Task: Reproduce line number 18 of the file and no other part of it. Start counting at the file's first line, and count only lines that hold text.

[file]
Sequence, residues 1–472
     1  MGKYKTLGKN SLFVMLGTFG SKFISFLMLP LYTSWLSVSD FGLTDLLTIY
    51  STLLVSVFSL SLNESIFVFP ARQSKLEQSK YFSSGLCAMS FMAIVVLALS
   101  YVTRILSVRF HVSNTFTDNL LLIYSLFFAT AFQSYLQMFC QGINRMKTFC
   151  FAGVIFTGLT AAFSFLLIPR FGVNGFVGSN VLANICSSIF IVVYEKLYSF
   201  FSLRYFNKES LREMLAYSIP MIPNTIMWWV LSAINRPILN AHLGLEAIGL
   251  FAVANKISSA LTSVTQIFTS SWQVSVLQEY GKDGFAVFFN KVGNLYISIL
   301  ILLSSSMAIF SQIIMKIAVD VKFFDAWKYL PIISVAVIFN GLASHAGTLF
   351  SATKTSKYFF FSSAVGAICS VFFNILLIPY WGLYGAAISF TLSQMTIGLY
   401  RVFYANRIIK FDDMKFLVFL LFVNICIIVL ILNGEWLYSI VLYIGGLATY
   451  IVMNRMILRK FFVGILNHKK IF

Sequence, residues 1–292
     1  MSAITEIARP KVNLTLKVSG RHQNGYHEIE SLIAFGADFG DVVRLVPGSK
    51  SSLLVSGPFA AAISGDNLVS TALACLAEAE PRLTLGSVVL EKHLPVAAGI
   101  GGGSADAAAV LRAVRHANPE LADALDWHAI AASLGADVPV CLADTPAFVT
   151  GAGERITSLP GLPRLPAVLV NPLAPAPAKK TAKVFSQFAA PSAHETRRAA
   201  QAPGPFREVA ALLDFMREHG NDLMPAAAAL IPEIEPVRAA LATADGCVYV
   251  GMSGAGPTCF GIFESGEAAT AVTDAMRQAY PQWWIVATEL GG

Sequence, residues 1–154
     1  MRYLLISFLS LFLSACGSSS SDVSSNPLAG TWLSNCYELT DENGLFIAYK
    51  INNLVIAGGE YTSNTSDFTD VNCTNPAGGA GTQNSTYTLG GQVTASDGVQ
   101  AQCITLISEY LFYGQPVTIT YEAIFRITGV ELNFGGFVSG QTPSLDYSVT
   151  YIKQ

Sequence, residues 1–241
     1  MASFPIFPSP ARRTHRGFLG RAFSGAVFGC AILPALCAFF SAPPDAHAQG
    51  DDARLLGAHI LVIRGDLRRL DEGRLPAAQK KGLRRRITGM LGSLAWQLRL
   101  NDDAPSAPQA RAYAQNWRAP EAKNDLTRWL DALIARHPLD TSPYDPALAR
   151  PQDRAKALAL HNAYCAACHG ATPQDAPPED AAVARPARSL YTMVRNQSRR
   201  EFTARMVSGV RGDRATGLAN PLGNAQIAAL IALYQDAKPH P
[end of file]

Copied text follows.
   251  GMSGAGPTCF GIFESGEAAT AVTDAMRQAY PQWWIVATEL GG